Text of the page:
Pakistan Muslim League (Nawaz) Election Update
In July of 2017, Pakistani Prime Minister Nawaz Sharif of the Pakistan Muslim League-Nawaz (PML-N) was removed from office by Pakistan’s Supreme Court on corruption charges. These charges were brought up in the wake of the Panama Papers leak in 2016, which accused Nawaz Sharif and his family of possessing large offshore holdings. The Panama Papers were a collective effort put together by investigative journalists across the world that shed light on the corruption of many of the world’s politicians.
With the upcoming Pakistani general election coming up on July 25th, tensions are high in the country between the two leading parties: PML-N and the Pakistan Tehreek-e-Insaf (PTI), lead by former Pakistani national cricket team captain, Imran Khan. Both parties are campaigning hard across the nation, however the partitioned province of Punjab seems to be the most contested battleground. With the Sharif family hailing from Punjab, it has generally remained PLM-N’s main stronghold and center of power. Following the dismissal of Nawaz Sharif last summer, PTI has been able to capitalize on that and convince voters that they are the more transparent party in Pakistan, something that the country seems to struggle with across the board. If PTI can win more votes in the province of Punjab, PML-N will suffer badly and have a grim future ahead of them for their party.
Nawaz Sharif landed in Pakistan on Friday July 13th with his daughter Maryam, where they were both arrested on corruption charges. The arrests prompted huge coming-home parties organized by the former leader’s loyal supporters. Numerous arrests have been made as the supporters blocked the streets of Lahore in an effort to give their corrupt leader a proper welcome home.
With Nawaz Sharif behind bars, his younger brother, Shahbaz Sharif, will be taking over the party for the July 25th elections. If the younger Sharif is elected, Pakistan will most likely continue in its current state of affairs. If however, moderate parties like PTI and the Pakistan People’s Party (PPP) can win more seats in the parliament, change may be possible. Unfortunately, though, many Pakistanis feel as if there is no good party, and although there is a lot of energy around the election, there is not much optimism. Some citizens have complained that all the candidates are corrupt, which is one of the main problems plaguing Pakistani politics.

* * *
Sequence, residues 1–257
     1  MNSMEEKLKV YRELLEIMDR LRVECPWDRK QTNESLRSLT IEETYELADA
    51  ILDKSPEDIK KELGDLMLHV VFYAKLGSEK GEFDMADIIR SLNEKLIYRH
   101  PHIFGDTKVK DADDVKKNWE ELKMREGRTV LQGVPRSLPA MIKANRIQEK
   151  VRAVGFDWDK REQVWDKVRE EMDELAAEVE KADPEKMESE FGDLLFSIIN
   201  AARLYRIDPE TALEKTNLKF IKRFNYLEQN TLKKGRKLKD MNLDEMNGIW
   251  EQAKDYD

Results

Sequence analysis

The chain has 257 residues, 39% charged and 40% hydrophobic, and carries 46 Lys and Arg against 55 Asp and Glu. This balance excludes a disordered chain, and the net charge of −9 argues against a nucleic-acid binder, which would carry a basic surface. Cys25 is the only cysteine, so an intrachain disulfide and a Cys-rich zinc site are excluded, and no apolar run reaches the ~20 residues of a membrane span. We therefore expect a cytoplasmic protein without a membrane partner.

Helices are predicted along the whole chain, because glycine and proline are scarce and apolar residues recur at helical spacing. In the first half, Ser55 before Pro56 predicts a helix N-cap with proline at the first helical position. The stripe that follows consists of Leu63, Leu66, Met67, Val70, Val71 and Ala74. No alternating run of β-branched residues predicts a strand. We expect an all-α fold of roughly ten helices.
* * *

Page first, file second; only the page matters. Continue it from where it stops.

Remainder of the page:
One of the biggest issues in Pakistan is the underlying fact that the military has consistently exerted its power over the political system throughout the nation’s short existence. Numerous governments have been overthrown by the military. In fact, the Supreme Court’s decision to remove Nawaz Sharif from office was viewed as a huge stepping stone in democracy for the country. It was a sight of triumph in the eyes of many that their government had successfully implemented a set of checks and balances.
Come July 25th, it will be interesting to see what kind of destiny the people of Pakistan will choose and what their future will hold. The country could choose a path towards emboldened political Islamism, one with a more Western focus, or even one that attempts to strengthen the already firm bonds between Pakistan and their most powerful neighbor, China. Whatever the results of the election, it is in the interest of the United States to attempt to repair some of the damage to their relationship, rather than further isolating the country to pursue closer ties to the Chinese.
Ethan Concannon is a Summer Associate at PDC.